A New VFB Op Amp Architecture for "Current-on-Demand" Performance, Lower Power, and Improved Slew Rate
Until recently, op amp designers had to make the above tradeoffs between the input gm stage quiescent current and the slew-rate and distortion performance. ADI has patented a circuit core which supplies current-on-demand, to charge and discharge the dominant pole capacitor, CP, while allowing the quiescent current to be small. The additional current is proportional to the fast slewing input signal and adds to the quiescent current.
Figure 1-104: "Quad-Core" VFB gm stage for current-on-demand
A simplified diagram of the basic core cell is shown in Figure 1-104 above. The quad-core (gm stage) consists of transistors Q1, Q2, Q3, and Q4 with their emitters connected together as shown. Consider a positive step voltage on the inverting input. This voltage produces a proportional current in Q1 that is mirrored into CP1 by Q5. The current through Q1 also flows through Q4 and CP2.
At the dynamic range limit, Q2 and Q3 are correspondingly turned off. Notice that the charging and discharging current for CP1 and CP2 is not limited by the quad core bias current. In practice, however, small current-limiting resistors are required forming an "H" resistor network as shown. Q7 and Q8 form the second gain stage (driven differentially from the collectors of Q5 and Q6), and the output is buffered by a unity-gain complementary emitter follower (X1).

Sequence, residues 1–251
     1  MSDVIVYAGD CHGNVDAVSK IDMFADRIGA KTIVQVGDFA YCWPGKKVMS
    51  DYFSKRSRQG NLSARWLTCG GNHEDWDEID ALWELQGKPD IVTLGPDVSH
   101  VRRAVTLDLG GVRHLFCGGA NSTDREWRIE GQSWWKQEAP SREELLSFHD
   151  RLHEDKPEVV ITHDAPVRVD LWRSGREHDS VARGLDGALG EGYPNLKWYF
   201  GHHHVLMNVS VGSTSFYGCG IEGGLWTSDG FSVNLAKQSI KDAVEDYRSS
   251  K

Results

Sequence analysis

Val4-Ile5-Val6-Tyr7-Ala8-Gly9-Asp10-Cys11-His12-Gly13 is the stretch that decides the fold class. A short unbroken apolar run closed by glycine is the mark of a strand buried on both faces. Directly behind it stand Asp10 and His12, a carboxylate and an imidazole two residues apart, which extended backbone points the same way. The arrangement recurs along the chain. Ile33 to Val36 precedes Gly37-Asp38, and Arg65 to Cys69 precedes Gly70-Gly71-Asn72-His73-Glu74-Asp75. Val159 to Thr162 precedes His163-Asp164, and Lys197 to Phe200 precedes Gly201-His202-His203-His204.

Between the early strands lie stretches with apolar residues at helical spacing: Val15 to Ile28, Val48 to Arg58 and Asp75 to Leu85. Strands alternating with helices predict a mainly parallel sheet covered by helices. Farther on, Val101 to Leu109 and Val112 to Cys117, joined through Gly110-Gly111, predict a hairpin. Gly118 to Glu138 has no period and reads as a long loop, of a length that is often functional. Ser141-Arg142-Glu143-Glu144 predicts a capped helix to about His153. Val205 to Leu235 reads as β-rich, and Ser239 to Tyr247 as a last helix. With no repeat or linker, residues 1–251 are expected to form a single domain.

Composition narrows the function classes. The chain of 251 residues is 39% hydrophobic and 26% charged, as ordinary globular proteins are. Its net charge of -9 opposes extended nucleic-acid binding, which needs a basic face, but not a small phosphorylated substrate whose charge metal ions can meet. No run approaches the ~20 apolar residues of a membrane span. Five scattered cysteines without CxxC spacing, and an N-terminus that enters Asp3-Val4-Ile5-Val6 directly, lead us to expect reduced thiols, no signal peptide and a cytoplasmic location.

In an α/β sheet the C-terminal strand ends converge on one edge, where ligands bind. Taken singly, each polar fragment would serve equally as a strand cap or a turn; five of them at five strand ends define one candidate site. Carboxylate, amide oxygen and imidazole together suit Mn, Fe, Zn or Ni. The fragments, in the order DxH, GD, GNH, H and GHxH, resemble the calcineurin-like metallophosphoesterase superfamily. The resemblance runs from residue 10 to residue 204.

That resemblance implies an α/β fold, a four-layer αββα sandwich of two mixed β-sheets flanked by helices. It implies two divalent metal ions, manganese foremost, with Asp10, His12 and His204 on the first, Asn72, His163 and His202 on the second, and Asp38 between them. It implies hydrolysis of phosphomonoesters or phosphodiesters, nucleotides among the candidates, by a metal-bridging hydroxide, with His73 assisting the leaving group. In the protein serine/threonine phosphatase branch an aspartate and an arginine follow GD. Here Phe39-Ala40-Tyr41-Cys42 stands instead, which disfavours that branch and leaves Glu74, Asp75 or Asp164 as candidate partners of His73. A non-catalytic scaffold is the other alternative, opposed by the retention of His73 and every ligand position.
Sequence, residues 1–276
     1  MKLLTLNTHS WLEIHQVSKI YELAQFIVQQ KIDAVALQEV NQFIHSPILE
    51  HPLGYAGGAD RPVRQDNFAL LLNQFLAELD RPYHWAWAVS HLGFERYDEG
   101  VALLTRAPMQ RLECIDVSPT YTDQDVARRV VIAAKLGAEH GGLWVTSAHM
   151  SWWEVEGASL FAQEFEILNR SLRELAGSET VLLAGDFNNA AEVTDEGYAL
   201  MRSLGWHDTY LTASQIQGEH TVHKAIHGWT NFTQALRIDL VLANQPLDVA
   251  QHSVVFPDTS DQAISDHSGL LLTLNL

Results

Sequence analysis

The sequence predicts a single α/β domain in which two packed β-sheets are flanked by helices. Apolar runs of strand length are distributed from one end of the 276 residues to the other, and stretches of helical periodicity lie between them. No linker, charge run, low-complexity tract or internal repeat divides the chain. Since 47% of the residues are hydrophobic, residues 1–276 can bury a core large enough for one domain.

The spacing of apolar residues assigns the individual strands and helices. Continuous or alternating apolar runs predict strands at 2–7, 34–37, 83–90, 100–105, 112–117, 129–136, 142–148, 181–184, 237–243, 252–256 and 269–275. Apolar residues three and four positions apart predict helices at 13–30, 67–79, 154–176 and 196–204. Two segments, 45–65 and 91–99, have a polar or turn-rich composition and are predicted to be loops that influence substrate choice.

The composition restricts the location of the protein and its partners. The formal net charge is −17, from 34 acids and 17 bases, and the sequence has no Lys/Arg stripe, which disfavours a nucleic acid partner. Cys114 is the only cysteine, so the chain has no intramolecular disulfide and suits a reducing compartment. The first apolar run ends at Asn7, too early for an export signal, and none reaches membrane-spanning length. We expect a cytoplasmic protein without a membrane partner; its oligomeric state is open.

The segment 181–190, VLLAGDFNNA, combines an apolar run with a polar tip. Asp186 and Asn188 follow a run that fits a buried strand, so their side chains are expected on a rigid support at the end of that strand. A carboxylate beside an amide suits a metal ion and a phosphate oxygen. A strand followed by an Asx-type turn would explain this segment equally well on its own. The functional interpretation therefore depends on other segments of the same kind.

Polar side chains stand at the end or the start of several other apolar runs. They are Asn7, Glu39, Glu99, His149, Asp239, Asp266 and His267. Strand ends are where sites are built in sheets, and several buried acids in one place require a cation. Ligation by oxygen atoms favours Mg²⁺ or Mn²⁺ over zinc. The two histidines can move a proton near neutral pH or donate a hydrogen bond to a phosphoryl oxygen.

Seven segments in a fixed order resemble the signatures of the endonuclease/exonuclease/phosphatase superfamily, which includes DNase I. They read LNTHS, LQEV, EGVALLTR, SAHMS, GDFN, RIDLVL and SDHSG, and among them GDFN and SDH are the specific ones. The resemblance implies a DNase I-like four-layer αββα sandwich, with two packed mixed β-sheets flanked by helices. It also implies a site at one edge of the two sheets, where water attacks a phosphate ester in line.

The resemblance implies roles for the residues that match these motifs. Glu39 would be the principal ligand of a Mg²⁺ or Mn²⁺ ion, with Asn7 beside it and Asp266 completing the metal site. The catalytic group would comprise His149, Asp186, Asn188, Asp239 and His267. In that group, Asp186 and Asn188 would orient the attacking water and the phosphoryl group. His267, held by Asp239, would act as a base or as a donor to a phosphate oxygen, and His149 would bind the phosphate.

The quad core configuration is patented (Reference 1: Roy Gosser, "Wide-Band Transconductance Generator," US Patent 5,150,074, filed May 3, 1991, issued September 22, 1992), as well as the circuits that establish the quiescent bias currents (not shown in Fig. 1-104). A number of new VFB op amps using this proprietary configuration have been released and have unsurpassed high frequency low distortion performance, bandwidth, and slew rate at the indicated quiescent current levels as shown in Figure 1-105 below.
High speed VFB op amps
Figure 1-105: High speed VFB op amps
The AD9631, AD8074, and AD8047 are optimized for a gain of +1, while the AD9632, AD8075, and AD8048 for a gain of +2.
The same quad-core architecture is used as the second stage of the AD8041 rail-to-rail output, zero-volt input single-supply op amp. The input stage is a differential PNP pair which allows the input common-mode signal to go about 200mV below the negative supply rail. The AD8042 and AD8044 are dual and quad versions of the AD8041.